cureIT - Adaptive Immunity for Software: Making Systems and Services Autonomously Self-Healing

cureIT - Adaptive Immunity for Software: Making Systems and Services Autonomously Self-Healing

01.10.2019 - 31.03.2025

Software has become a central part of nearly all economic activity, and our daily lives have become increasingly dependent on complex software-intensive systems and services. As such, failures in these systems can affect thousands or even millions of people and lead to massive damages.

Despite significant investments in software testing, much of our software is still plagued by failures. One reason is that the existing techniques for software testing are mainly aimed at checking that the conditions corresponding to known or anticipated problems do not occur. However, the complexity of modern software makes it impossible to anticipate all problems that could be encountered.

The main goal of the cureIT project is to significantly increase the dependability, robustness, and resilience of today's software systems by addressing the faults that remain after thorough testing. We do this by developing new methods and techniques that help software engineers with the creation of so-called self-healing software systems. These are systems that can autonomously detect the occurrence of unanticipated faults during execution, diagnose their causes, and recover from these situations.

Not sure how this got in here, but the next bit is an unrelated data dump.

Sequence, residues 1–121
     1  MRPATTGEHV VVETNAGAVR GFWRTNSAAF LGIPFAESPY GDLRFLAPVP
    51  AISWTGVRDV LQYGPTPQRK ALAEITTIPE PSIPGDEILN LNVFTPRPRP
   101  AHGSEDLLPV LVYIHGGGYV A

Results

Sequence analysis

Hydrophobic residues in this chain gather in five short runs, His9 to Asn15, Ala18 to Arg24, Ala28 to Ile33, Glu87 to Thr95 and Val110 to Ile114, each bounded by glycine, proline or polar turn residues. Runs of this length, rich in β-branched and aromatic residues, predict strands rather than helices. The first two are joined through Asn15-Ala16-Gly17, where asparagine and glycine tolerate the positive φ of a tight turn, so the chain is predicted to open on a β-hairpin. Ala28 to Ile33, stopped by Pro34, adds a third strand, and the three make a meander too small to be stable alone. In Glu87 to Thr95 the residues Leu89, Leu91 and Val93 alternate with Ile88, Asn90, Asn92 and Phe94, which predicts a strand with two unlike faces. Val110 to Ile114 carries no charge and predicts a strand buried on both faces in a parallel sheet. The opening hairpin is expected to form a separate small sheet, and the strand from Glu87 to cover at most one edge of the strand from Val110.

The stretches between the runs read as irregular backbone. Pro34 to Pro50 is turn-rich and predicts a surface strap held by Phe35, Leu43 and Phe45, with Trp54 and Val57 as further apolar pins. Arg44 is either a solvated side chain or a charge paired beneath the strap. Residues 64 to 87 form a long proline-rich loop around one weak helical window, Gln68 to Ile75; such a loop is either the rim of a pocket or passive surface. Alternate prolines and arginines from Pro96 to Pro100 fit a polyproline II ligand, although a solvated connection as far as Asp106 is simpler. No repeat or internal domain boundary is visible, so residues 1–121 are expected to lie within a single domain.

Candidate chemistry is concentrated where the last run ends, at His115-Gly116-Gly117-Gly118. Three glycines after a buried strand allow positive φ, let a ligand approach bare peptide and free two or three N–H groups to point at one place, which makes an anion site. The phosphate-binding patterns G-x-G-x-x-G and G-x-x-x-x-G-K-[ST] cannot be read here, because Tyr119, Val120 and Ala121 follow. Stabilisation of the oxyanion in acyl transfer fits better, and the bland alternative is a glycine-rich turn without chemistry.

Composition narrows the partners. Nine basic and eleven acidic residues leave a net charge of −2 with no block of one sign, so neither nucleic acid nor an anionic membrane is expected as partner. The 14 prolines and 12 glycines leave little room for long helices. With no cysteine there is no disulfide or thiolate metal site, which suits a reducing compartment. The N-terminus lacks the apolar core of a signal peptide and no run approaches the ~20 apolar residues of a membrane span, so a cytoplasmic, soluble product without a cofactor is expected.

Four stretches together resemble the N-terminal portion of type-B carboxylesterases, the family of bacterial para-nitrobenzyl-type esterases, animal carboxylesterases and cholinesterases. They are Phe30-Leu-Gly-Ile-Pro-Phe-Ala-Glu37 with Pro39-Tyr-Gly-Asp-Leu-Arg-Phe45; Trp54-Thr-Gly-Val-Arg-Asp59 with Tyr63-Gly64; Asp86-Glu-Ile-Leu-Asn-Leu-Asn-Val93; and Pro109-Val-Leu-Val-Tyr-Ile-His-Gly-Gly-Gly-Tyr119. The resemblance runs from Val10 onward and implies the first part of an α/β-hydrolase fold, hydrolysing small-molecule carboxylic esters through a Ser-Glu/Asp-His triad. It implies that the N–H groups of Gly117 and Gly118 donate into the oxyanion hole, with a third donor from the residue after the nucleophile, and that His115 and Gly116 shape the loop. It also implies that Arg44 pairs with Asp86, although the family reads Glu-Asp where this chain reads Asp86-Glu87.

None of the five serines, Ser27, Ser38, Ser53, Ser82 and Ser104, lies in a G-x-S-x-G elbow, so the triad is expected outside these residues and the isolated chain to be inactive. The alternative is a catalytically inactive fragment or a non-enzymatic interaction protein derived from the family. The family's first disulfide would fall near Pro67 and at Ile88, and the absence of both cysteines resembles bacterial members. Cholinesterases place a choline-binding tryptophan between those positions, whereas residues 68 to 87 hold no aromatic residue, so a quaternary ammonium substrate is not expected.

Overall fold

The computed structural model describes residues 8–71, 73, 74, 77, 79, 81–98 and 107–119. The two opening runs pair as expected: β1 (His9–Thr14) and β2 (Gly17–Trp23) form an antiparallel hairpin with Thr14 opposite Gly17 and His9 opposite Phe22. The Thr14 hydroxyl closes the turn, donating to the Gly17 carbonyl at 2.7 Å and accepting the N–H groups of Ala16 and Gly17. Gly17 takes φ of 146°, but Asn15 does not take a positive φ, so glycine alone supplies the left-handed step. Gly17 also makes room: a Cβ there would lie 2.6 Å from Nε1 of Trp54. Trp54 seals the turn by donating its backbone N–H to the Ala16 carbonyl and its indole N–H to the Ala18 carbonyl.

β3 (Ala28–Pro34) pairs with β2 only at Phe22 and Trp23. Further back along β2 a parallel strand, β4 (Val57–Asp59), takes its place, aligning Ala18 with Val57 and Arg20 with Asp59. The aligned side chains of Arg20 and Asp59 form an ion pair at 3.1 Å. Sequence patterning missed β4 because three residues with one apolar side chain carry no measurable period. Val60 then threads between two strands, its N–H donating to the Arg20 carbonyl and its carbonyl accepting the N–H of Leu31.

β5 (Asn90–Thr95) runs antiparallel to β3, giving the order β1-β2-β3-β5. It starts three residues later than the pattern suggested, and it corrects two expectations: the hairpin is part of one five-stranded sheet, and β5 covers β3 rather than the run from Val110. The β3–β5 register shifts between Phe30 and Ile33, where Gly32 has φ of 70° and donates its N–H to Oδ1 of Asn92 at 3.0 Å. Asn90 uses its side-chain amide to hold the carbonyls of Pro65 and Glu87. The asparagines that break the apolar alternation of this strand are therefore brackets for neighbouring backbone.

To achieve this goal, we build on the notion of an artificial immune system. Similar to the human immune system, it will recognize and take care of unanticipated "foreign bodies" (resp. faults/infections) that could have negative effects. In particular, the project will address the following challenges: (1) Techniques that can detect failures by learning what is the system's normal behavior and recognize when a system behaves abnormally. (2) Adaptive learning techniques that enable early recognition of failures that are similar to the ones that have been seen before. (3) Cost-effective techniques to diagnose the root causes of a failure, and for containing its impact, both inside and outside the system. (4) Techniques for the systematic evaluation of the correct functioning of self-healing software.

The results thus far include the development of a research agenda for self-healing software systems based on artificial immune systems (AISs), a survey of the main approaches to model AISs together with a prototype implementation for anomaly detection using an AIS, a self-healing smart office exemplar, and a method to systematically evaluate self-healing software systems using chaos engineering.